‘Sandwich King’ Jeff Mauro on the Perfect Sandwich, Chicago Superiority, and ‘L&T’

Editor
Mauro is one of the hosts of Food Network’s popular ‘The Kitchen’

Jeff Mauro

Mauro is a sandwich authority, as anyone who watched his show Sandwich King would know. 

Since winning season seven of Food Network Star in 2011, Chicago native Jeff Mauro has established himself as one of Food Network’s hottest properties, earning a Daytime Emmy nomination for his cooking show Sandwich King and co-hosting The Kitchen with Geoffrey Zakarian, Sunny Anderson, Katie Lee, and Marcela Valladolid. On top of all this, he’s also just launched his very own line of sauces, called Pork & Mindy’s. He’s also a certified authority on all things sandwich.

While working on our just-released ranking of the 35 best sandwich shops in America, we caught up with Mauro and had the chance to ask him some of our most pressing sandwich-related questions. Here’s what he had to say.

The Daily Meal: What, in your opinion, is the definition of the perfect sandwich?
Jeff Mauro:
Several things, starting with ratios. There must be proper meat-to-cheese-to-bread ratio. One element should not outshine the other. They must all work in harmony to showcase each unique flavor and texture. Also, don’t overdo it; keep it simple. Three to four ingredients, max.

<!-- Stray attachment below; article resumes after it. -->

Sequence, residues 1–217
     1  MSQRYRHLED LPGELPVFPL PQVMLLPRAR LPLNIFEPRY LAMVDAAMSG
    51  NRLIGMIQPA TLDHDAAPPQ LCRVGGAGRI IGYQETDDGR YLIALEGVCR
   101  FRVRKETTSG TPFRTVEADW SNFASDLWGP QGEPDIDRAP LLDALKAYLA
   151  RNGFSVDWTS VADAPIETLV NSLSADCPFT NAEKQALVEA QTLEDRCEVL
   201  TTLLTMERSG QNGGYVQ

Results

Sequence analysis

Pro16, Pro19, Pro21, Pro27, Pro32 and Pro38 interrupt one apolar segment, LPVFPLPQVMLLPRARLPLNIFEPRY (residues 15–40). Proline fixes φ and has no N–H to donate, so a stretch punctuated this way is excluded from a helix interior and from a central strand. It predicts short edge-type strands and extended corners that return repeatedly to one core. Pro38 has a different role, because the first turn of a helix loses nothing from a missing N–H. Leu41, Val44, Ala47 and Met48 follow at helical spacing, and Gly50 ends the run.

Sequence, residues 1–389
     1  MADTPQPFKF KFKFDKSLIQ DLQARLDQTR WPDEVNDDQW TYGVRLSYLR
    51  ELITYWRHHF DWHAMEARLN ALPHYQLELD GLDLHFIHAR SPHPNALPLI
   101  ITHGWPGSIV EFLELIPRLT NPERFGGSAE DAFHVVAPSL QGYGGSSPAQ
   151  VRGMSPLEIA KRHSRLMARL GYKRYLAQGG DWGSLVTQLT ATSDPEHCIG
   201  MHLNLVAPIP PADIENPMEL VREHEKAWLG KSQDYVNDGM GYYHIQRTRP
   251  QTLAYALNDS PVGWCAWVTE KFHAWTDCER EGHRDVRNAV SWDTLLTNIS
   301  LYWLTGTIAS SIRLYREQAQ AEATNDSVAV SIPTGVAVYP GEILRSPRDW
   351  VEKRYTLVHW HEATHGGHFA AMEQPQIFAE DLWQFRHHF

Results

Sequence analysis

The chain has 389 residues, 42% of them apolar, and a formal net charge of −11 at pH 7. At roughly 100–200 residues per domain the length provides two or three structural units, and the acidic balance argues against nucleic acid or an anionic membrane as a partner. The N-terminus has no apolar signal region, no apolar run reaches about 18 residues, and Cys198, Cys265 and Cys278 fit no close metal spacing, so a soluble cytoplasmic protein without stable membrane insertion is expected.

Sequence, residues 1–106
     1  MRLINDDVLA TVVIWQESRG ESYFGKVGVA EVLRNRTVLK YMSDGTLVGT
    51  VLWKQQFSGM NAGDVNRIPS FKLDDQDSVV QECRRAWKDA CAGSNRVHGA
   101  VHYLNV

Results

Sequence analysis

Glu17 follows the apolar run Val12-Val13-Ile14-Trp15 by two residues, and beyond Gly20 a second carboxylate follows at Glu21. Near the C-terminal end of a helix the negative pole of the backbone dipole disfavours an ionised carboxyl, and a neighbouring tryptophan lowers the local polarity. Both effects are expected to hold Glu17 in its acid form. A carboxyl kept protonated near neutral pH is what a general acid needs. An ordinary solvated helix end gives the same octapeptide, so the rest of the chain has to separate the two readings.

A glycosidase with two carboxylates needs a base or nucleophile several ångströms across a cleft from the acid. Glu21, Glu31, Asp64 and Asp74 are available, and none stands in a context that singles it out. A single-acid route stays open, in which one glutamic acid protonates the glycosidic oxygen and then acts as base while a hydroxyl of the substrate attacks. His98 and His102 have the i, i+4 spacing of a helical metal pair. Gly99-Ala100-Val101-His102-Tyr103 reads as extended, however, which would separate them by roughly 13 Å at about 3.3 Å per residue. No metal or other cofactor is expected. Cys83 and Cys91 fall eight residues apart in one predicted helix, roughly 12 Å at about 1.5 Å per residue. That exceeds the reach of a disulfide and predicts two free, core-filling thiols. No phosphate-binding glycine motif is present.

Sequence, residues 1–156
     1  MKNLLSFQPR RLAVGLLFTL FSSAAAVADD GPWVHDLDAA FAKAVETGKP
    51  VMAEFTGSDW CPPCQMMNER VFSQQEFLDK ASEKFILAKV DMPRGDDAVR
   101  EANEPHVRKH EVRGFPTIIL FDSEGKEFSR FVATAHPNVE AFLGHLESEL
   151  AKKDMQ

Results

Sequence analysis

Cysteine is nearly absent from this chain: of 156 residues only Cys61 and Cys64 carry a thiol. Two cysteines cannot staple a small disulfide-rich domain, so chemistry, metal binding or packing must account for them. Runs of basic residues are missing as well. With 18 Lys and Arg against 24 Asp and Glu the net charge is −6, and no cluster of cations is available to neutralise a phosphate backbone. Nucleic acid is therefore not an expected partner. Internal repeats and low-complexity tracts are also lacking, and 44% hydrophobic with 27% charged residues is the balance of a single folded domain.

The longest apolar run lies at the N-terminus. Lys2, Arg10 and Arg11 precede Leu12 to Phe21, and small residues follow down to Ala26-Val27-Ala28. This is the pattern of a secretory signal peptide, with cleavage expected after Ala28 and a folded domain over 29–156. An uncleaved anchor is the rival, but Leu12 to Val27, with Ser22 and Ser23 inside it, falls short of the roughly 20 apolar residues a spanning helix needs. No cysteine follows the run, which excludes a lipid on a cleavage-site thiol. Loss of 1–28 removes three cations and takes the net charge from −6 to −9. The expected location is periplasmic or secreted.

What are the telltale signs of a great sandwich shop?
A line outside the door, or packed seats. Also, a limited menu selection. I find the less clutter on the menu, the better the food. 

What sets Chicago sandwich shops apart from the rest of the country?
In most neighborhoods, you can throw a rock and hit several Italian delis, beef stands, hot dog joints, and/or high-end, artisanal sandwich shops.  

Why do you think sandwiches have such a universal appeal?
Every culture and country has its own version. It’s the quintessential grab-and-go food, and it’s now enjoying a renaissance. 

In delis, many sandwich makers automatically assume that all customers want lettuce and tomatoes on their sandwich, while some people think that many a great sandwich has been ruined by the automatic addition of lettuce and tomato. Where do you stand on the subject? 
Lettuce and tomato has its place (mainly on a BLT or turkey club). There really are no set rules, and that’s the beauty of sandwich creation: The possibilities and combinations are endless! If your main protein warrants some lettuce and tomato, and it doesn’t detract from the bite-down, then by all means, put it on. But don’t just put it on because society says so, man.  
 

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